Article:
News Archive 2009-2018

Bethany Berhanu ’20 Looks at Mental Illness in Japanese Pop Culture Archives

Bethany Berhanu ’20

Intrigued by the origins of anime, a form of storytelling that she loves, Bethany Berhanu ’20 visited [which museum?] recently to check out a series of images etched onto 12-century Japanese scrolls. She recalls her amazement at seeing how the scrolls could tell entire stories with just a few images, and realized that these ancient drawings were the precursor to manga-style cartoons and their animated version, anime.

Manga and anime—and the culture that birthed them—fascinate Berhanu so much she is spending the summer studying the cartoons in depth. This foundational research will lead into a yearlong senior honors project.

In the liberal arts fashion, Berhanu is combining the subject matter and practice of two disciplines—Asian studies and psychology (her two majors)—to explore a particular issue within Japanese culture. “This summer I am looking at how Japanese pop culture mediums such as anime, manga, and fashion music portray Japanese people…and how Japanese people themselves view these portrayals,” she said.

The project began with Berhanu seeking a topic or angle that has not already been addressed by other scholars. After talking with her professors, Berhanu realized there was a gap in the scholarly discussion about anime and mental illness in Japan—a lacuna she will try to help fill while also learning about a topic that excites her.

“It’s a field that really has not been talked about yet, and I’m also really into anime, so I thought let me see if I can just find instances of mental illness in anime because it’s very prevalent,” she shares, explaining her thought process in the earliest stages of research. In these first few weeks of summer, she is honing in on what she would like to spend her senior year researching.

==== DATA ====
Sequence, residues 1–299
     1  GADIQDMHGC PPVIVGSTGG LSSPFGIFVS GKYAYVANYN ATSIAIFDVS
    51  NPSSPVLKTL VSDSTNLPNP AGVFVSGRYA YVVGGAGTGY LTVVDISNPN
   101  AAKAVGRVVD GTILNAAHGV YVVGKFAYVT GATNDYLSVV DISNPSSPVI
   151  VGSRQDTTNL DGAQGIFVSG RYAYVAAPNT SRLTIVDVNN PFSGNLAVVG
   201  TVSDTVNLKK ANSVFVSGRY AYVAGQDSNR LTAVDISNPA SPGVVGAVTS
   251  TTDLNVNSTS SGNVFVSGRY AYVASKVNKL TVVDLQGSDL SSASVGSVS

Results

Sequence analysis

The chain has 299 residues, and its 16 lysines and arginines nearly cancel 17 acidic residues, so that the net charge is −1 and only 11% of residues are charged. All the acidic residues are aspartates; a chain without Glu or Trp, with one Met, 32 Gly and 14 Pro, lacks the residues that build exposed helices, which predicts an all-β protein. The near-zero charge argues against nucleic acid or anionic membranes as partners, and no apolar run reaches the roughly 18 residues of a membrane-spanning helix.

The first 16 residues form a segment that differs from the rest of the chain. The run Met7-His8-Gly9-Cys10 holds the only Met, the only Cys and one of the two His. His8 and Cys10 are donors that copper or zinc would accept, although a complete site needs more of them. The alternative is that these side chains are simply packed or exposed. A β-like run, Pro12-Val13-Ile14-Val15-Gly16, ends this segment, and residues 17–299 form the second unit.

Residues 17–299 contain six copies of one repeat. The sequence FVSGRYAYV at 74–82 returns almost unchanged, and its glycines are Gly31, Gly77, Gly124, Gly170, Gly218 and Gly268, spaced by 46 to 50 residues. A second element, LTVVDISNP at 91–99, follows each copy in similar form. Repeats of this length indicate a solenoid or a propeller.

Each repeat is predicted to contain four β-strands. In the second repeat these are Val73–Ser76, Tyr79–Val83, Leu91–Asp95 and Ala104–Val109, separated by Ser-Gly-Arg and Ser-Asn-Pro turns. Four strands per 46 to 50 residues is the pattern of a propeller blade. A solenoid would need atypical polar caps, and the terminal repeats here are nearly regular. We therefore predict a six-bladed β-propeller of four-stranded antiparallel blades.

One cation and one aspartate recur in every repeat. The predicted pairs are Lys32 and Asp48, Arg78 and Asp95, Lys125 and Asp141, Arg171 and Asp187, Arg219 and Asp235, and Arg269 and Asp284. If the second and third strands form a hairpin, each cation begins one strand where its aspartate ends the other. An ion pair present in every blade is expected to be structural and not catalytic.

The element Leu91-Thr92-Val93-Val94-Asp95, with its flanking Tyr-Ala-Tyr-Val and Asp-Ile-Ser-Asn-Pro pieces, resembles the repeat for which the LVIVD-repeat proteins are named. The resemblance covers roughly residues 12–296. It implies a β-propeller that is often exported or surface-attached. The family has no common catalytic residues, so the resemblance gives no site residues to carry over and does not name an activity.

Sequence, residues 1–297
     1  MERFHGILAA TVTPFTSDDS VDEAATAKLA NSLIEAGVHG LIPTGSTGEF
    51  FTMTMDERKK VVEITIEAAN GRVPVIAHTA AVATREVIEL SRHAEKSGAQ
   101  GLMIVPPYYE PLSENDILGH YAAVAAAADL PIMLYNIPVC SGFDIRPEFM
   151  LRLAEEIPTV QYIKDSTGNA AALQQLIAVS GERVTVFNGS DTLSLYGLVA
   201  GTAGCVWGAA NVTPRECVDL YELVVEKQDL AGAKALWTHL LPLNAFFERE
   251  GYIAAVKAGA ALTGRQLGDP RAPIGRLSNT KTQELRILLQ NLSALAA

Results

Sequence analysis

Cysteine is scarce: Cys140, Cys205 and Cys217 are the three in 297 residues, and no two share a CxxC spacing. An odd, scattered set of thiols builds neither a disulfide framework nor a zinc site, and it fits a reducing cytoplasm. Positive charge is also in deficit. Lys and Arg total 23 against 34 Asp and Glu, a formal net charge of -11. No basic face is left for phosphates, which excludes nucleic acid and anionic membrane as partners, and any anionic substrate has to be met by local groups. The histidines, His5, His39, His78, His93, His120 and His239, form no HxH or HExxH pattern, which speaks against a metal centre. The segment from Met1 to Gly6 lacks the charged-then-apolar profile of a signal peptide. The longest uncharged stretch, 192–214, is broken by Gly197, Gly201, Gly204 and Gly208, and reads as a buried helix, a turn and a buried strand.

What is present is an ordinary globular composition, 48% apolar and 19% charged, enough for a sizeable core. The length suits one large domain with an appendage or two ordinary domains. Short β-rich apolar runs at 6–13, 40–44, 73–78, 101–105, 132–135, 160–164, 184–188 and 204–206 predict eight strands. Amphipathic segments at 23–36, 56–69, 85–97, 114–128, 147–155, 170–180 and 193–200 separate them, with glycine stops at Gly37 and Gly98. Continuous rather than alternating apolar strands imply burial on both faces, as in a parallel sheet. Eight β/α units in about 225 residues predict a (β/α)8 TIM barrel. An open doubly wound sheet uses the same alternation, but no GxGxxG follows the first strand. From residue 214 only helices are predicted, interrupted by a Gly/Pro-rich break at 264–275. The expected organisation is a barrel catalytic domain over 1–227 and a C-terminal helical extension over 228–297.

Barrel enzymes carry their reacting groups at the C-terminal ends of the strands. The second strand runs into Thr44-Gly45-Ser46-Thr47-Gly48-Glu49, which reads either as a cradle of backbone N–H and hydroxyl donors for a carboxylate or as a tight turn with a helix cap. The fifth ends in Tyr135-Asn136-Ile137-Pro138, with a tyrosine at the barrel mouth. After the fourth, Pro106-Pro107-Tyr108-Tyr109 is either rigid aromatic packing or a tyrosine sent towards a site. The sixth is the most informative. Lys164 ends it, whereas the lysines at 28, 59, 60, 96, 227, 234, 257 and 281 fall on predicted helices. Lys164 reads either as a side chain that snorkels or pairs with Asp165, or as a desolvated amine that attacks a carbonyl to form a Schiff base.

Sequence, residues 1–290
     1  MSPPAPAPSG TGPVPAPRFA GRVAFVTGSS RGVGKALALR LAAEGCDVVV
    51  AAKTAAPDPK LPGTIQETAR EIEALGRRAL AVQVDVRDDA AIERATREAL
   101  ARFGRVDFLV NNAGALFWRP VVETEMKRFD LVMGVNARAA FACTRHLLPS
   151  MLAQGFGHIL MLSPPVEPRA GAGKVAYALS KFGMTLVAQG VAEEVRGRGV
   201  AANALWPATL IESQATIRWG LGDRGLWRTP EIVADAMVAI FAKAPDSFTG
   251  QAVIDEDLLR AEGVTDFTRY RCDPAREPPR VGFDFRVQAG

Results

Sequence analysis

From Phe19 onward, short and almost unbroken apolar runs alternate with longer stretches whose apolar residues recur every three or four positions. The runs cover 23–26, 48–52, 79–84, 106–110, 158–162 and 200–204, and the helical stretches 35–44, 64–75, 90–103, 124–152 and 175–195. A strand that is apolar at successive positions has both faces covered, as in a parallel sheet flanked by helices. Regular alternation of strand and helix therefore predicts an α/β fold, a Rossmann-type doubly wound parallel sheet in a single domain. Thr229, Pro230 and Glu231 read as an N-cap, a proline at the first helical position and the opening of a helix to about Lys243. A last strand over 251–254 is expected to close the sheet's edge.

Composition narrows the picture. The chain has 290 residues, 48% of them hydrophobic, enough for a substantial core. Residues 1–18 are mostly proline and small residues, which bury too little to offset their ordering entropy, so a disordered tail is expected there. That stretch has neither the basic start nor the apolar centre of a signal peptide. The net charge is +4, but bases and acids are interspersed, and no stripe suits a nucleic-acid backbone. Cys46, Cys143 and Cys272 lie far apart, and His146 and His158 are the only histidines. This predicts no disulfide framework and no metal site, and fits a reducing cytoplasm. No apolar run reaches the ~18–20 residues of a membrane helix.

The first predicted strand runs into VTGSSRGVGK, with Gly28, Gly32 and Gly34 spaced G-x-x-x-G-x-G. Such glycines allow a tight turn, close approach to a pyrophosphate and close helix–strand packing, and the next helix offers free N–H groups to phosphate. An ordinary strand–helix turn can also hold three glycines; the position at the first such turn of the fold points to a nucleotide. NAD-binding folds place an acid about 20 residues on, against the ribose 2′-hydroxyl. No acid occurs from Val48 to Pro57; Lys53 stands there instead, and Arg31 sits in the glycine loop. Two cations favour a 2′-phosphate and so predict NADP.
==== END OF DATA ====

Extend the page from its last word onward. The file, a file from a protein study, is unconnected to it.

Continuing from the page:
Berhanu is supported by the Mellon Mays Undergraduate Fellowship Program, which provides funding and other services to students of color who are headed to careers in academia.

Since Bowdoin began participating in the program in 1992, dozens of undergraduates who have participated have gone on to pursue doctorates in many fields. Mellon Mays immerses its students in a comprehensive curriculum that includes classes such as “Investigating the Academy,” faculty lunches, and mentoring by graduate students. These graduate students, once in the Mellon Mays undergraduate program themselves, are pursuing their doctorates with the help of the fellowship.

After Bowdoin, Berhanu says she would like to go to graduate school in Asian studies. “I never thought I could study Asian studies professionally,” she said. But with the Mellon Mays fellowship and the guidance of her professors, she says she can now envision a future where she is able to continue to explore a topic she cares deeply about.

“If you really, really love something in college and you feel sad not being able to study it more, finding programs like Mellon for underrepresented students can give you a foot in the door,” she said.